Taxpayers who sell their home may qualify to exclude all or part of any gain from the sale when filing their tax return. Here are some things that homeowners should think about when selling a home:

  • Capital Gains Tax:
    • The profit from selling your home is taxable income subject to capital gains tax.  However, depending on your circumstances, you might qualify for exclusions that reduce or eliminate the capital gain and resulting tax.


  • Home Sale Gain Exclusion:
    • This exclusion applies only to your primary residence.  
    • Generally, if you have owned and used the home as your primary residence for at least two of the five years leading up to the date of sale, you can exclude up to $250,000 of capital gain from your income (up to $500,000 if married filing joint).
    • If you were temporarily absent from the property due to work, health, or other reasons, you might still qualify for the exclusion.
    • If you do not meet the 2 of 5-year criteria because of an involuntary circumstance (like relocating for work or moving into a facility for medical reasons), you may qualify for a prorated exclusion.
    • If you’re selling a second home or rental property, different rules may apply.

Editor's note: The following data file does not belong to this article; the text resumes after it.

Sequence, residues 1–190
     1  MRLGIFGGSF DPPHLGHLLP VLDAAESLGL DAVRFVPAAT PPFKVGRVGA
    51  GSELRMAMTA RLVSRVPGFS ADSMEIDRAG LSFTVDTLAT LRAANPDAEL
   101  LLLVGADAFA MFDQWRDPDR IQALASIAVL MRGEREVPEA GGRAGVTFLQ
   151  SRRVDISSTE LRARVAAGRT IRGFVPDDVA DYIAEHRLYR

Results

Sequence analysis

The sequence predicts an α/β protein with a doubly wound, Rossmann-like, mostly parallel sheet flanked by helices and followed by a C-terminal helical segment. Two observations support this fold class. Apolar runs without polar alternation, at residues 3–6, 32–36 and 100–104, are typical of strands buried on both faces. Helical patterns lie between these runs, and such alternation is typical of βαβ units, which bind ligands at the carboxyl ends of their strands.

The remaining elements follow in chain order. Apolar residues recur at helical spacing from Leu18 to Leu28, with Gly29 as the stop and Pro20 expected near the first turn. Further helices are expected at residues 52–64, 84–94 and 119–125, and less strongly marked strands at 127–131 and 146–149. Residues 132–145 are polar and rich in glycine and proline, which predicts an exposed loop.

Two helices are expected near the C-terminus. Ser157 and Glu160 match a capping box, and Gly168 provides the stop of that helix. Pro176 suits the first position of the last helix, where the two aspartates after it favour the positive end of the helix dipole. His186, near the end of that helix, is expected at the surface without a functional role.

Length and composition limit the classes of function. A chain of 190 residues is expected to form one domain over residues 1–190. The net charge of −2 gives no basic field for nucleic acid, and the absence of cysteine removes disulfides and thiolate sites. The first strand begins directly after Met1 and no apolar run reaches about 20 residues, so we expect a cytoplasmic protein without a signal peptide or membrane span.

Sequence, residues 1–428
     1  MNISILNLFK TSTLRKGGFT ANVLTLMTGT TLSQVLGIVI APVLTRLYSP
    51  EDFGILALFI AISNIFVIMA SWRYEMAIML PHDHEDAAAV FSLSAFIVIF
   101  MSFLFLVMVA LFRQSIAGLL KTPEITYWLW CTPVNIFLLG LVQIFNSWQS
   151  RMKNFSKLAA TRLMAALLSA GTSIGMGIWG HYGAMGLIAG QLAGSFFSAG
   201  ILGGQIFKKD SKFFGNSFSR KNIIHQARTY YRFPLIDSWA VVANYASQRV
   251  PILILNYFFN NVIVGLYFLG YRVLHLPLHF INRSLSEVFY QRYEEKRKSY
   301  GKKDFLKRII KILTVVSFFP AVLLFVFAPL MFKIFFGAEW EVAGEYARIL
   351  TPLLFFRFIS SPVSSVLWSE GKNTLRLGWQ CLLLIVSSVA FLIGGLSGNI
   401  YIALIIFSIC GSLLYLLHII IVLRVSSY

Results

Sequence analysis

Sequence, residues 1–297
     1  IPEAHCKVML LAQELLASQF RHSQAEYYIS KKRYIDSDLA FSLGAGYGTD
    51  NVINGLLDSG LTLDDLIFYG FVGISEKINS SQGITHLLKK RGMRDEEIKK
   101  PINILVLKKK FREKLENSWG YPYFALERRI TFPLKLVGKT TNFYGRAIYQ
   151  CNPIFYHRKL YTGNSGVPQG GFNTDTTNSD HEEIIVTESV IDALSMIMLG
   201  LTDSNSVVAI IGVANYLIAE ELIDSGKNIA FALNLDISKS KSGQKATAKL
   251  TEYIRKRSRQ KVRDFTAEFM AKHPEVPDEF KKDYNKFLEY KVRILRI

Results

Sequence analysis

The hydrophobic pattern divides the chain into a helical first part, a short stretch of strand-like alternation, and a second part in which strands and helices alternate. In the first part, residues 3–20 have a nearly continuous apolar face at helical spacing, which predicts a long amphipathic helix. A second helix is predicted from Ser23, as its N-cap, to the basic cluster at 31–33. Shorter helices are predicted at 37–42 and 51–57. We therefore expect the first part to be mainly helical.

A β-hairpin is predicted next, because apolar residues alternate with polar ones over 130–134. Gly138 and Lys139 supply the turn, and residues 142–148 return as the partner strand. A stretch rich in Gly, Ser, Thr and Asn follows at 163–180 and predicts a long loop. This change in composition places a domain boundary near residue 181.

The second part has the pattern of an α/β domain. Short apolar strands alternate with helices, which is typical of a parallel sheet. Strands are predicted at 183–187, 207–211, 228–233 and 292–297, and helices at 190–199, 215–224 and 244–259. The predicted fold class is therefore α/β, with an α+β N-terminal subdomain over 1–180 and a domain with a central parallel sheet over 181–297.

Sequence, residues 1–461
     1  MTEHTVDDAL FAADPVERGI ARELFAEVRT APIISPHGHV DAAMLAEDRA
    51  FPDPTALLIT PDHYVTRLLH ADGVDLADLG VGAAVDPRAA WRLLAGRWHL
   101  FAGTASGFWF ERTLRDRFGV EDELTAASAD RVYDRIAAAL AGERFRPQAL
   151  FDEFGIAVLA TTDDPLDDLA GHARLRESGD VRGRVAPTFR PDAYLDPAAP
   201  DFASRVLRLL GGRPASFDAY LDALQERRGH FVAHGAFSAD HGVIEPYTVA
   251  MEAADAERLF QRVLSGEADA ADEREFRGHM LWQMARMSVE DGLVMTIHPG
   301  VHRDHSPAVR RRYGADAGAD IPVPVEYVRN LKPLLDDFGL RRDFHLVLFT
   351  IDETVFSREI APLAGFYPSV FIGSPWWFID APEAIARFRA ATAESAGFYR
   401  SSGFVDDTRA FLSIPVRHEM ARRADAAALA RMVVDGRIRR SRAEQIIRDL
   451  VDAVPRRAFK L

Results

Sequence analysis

• Reporting the Sale:
    • Keep records of the home’s purchase price, costs of improvements, and other relevant documents. 
    • Calculate your capital gain by subtracting the home’s basis and any selling/closing costs from the sale price. The basis includes the original purchase price and any qualified improvements.
    • Report the sale of your home on your tax return using Form 8949 and Schedule D.
    • Provide accurate details about the sale price, any improvements made, and other relevant information.
    • If you receive a Form 1099-S from the real estate transaction, ensure its accuracy and report the sale on your return.
  • Mortgage Debt Forgiveness:
    • Understand that cancelled mortgage debt might be taxable income, but certain exclusions might apply.


Remember, tax laws can be complex and subject to change. It’s recommended to consult a tax professional or refer directly to IRS resources for accurate and up-to-date information tailored to your specific situation.